London, England. So said Samuel Johnson, and we have always felt him to be absolutely correct. We could never tire of this city, but we do have to leave it on occasion. Our month here has now ended. It was all too short, but just long enough to make us feel so at home in the little corner we have occupied.
We traveled a lot outside the city, but over the years we have wandered through so much of it that we feel less like tourists and more like apprentice residents. What a great feeling.
Today we topped off our trip with some local spots, starting with Southwark Cathedral, which has been a place of Christian worship for more than 1,000 years, and a cathedral since 1905. Between 1106 and 1538 it was the church of an Augustinian priory, The modern protective entrance preserves some of the ancient artifacts under the church,including remnants of a Roman road. The present building retains the basic form of the Gothic structure built between 1220 and 1420, though the nave is a late 19th-century reconstruction.
So many are honored here, including, Shakespeare, whose brother is buried in the church, Lancelot Andrewes, who was one of the translators of the King James Bible, John Gower, poet to Richard III and Henry IV, and a close friend of Chaucer, and assorted other notables.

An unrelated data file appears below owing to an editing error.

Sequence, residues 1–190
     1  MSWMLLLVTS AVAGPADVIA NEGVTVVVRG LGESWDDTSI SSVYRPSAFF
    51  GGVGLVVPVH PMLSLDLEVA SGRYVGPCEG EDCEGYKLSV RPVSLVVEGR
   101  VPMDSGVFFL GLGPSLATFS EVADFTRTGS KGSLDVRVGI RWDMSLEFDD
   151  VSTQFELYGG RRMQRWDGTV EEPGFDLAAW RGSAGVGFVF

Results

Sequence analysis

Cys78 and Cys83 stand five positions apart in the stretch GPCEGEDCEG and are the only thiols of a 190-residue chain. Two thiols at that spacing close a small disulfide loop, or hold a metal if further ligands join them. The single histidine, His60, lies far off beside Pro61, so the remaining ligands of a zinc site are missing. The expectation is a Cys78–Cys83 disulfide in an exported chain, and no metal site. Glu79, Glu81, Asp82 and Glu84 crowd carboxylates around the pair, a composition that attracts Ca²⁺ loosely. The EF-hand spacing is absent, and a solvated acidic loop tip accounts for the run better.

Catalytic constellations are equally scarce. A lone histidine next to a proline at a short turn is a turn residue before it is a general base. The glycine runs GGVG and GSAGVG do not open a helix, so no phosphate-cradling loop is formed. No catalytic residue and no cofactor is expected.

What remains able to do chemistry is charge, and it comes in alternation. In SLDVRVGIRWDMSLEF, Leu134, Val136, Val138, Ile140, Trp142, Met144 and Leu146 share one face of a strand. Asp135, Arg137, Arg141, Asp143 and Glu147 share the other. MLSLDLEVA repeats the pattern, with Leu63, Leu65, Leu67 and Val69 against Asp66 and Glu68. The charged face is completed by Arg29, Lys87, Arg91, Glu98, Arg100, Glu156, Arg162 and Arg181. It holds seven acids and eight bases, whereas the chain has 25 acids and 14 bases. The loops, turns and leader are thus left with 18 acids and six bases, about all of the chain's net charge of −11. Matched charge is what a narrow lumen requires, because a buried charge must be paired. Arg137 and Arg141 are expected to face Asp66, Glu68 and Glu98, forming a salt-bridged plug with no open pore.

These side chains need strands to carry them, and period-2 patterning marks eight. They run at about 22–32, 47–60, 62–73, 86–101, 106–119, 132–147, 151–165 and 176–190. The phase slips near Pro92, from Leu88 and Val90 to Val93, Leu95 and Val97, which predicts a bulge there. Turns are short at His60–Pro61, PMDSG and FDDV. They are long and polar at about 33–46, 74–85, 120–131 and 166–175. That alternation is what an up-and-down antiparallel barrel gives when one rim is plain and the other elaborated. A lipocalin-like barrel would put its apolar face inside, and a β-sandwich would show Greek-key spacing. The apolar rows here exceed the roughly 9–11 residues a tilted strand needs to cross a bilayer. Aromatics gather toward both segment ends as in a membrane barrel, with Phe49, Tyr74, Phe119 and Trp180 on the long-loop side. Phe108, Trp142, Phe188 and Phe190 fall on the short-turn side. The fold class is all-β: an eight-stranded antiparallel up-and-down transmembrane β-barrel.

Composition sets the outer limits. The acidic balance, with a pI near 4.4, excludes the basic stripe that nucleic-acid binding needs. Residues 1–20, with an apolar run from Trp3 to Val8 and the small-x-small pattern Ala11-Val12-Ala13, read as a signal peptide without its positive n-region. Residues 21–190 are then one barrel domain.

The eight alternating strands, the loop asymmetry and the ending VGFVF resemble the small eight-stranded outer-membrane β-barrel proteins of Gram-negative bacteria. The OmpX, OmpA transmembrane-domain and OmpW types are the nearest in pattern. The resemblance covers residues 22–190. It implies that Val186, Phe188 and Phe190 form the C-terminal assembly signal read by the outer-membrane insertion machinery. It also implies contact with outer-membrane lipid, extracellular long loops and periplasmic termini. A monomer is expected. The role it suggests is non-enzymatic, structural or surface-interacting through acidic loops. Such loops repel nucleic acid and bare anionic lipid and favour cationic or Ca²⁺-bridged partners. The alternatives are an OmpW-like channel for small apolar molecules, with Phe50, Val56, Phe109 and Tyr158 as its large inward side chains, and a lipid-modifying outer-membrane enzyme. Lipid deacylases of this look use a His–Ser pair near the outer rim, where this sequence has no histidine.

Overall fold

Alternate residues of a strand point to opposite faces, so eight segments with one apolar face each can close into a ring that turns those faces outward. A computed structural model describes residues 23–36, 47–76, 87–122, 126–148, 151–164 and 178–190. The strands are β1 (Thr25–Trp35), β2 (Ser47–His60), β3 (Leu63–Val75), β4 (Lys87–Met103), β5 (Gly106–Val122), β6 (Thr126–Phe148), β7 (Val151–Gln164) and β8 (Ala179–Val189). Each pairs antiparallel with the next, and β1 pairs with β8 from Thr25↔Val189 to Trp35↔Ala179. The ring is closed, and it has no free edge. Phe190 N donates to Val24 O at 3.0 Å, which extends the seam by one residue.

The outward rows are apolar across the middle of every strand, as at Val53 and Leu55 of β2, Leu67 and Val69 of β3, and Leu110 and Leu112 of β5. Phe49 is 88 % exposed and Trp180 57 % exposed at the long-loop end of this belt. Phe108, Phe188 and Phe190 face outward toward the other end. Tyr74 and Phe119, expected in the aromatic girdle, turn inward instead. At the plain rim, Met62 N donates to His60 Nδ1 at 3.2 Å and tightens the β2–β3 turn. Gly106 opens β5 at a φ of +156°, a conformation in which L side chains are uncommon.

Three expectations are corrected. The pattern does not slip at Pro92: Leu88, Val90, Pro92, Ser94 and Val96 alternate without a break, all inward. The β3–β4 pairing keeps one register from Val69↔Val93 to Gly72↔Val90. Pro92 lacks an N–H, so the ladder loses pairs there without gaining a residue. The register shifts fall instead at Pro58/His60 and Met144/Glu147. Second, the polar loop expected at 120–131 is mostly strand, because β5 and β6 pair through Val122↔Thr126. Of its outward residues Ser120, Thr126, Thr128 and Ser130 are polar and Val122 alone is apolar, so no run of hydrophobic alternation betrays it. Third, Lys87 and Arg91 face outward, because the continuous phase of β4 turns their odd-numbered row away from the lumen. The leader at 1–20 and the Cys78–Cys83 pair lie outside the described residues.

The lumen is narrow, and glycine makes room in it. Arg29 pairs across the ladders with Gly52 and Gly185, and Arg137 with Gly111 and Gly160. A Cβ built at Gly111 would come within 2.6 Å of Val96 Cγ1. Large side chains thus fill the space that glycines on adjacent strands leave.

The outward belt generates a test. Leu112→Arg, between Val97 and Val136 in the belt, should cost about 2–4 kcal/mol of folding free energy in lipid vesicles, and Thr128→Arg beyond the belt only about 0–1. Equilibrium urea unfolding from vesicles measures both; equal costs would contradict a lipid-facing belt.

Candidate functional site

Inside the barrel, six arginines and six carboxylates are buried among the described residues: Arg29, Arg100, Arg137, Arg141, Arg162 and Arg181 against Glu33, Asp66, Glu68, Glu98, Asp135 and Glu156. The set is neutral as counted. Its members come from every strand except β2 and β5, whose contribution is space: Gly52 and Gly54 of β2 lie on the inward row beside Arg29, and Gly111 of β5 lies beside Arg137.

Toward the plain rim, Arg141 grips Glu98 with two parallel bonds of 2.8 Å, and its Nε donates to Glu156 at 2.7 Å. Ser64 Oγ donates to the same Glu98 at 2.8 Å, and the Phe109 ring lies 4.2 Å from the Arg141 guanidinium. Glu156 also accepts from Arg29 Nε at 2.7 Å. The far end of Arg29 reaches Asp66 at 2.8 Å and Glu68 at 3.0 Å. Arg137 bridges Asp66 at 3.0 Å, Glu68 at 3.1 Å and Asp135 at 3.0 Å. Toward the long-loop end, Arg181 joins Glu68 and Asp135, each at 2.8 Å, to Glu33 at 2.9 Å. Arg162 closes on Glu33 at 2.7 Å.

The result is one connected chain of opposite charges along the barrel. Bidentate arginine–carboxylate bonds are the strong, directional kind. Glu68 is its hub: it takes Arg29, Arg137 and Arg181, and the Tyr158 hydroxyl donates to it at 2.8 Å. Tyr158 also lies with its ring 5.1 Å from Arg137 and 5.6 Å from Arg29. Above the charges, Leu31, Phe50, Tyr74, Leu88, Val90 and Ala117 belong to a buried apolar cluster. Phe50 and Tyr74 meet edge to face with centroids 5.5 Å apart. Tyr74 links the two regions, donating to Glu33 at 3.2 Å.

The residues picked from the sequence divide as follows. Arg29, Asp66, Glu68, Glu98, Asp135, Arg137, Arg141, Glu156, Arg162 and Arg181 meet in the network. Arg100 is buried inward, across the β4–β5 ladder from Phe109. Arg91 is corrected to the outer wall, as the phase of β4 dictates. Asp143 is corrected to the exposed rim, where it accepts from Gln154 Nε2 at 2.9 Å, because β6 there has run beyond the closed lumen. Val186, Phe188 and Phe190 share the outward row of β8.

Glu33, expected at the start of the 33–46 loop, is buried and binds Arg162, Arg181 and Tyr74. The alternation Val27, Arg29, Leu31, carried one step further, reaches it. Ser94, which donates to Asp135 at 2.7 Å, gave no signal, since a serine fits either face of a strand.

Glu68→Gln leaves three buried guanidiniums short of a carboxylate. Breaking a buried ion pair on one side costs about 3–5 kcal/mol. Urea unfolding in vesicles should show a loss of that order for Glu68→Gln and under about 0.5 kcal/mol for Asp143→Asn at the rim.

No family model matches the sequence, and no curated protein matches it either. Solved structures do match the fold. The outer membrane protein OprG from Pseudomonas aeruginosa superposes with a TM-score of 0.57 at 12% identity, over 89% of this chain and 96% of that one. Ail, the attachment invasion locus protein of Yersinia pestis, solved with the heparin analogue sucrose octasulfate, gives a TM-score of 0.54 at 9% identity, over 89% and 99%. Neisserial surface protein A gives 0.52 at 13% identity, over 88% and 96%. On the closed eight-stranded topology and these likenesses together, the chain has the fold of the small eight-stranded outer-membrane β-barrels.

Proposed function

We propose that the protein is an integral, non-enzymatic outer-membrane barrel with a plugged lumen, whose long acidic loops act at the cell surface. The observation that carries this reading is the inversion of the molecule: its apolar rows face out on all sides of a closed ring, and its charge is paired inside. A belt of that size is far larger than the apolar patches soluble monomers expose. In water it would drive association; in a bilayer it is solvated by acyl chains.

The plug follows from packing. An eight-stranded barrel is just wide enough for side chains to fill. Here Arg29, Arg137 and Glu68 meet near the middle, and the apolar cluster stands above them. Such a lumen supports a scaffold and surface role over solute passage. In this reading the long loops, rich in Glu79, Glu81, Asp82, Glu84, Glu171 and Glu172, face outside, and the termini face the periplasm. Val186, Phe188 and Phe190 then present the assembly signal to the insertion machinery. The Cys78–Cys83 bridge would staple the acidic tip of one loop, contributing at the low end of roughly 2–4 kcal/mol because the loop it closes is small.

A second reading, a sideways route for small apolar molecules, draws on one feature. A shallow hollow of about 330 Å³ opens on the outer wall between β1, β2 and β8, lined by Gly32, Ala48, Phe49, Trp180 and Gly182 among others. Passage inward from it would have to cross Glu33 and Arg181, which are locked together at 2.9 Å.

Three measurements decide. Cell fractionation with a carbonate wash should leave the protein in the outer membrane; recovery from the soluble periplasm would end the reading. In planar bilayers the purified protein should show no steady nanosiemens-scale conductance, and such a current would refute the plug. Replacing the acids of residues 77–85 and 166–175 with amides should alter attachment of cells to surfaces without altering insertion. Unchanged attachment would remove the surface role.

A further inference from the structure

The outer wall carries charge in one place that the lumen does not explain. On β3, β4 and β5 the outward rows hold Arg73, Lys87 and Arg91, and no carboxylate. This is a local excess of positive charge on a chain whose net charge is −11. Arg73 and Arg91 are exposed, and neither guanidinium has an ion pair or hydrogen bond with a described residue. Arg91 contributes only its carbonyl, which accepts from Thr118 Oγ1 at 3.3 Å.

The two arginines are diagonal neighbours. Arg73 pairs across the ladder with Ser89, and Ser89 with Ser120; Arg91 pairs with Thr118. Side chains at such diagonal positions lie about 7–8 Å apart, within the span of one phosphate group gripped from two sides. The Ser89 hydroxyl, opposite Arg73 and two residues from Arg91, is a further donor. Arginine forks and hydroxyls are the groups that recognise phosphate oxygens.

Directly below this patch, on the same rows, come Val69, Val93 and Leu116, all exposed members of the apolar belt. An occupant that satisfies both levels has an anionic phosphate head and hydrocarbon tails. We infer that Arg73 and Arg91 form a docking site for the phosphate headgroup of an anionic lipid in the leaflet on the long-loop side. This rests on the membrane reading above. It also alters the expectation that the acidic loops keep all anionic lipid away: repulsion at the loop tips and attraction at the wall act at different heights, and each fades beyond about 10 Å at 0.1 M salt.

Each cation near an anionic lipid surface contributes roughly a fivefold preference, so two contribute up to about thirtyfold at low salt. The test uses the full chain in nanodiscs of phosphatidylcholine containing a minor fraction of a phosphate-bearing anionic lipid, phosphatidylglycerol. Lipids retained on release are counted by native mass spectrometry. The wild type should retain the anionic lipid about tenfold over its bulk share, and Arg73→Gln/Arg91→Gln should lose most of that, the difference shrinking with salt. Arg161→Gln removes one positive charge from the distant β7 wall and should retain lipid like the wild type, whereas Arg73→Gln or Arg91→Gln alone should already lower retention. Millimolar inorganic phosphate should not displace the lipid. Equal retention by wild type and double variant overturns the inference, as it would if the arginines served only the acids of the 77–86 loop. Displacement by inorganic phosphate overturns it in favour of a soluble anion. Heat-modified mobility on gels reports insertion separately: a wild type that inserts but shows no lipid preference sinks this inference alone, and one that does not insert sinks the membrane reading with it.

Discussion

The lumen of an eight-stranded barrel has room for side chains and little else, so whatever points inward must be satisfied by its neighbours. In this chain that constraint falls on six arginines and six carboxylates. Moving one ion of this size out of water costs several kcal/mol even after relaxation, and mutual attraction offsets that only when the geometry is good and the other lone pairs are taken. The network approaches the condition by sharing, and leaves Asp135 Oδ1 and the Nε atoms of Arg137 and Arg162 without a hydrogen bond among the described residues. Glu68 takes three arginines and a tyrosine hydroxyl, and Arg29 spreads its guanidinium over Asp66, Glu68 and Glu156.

Nearby is a bit of an oddity – the Old Operating Theatre Museum, one of the oldest surviving operating theaters, located in the garret of St. Thomas’s Church, on the original site of St. Thomas’s Hospital. The church was built at the end of the 17th century and in 1822 part of the garret was converted into a purpose-built operating room. The patients were mainly poor people who were expected to contribute to their care if they could afford it. Rich patients were treated and operated on at home rather than in hospital. The patients at the Old Operating Theatre were all women.
In 1859, Florence Nightingale became involved with St Thomas’s, setting up her famous nursing school on this site. In 1862, the operating theater was closed and lay undiscovered until 1957. We are so lucky to have our modern medicine, but the people who worked and suffered in these rooms deserve much of the credit for what we now have today.
And then for something entirely different, the “Swinging London” exhibit at the Fashion and Textile Museum. Focused on Mary Quant and Terence Conran, the show reminds us of the impact of the Pop revolution, begun right here in London. Colors, styles, merchandising and marketing – all was fresh, all was different, all was young and all was full of energy.
The exhibit reminded Don that when he was working in book publishing in the mid-1970s he rejected Terrance Conran’s The Apartment Book. (“The pictures were too small and the rooms were ugly.”) And what was selected instead of that best-seller? An oral biography of Pancho Villa. Don left book publishing shortly thereafter.
We’re off to Paris tomorrow via the Eurostar. Lots to pack up, and time to say au revoir to this fabulous city. Hope we find our way back here soon.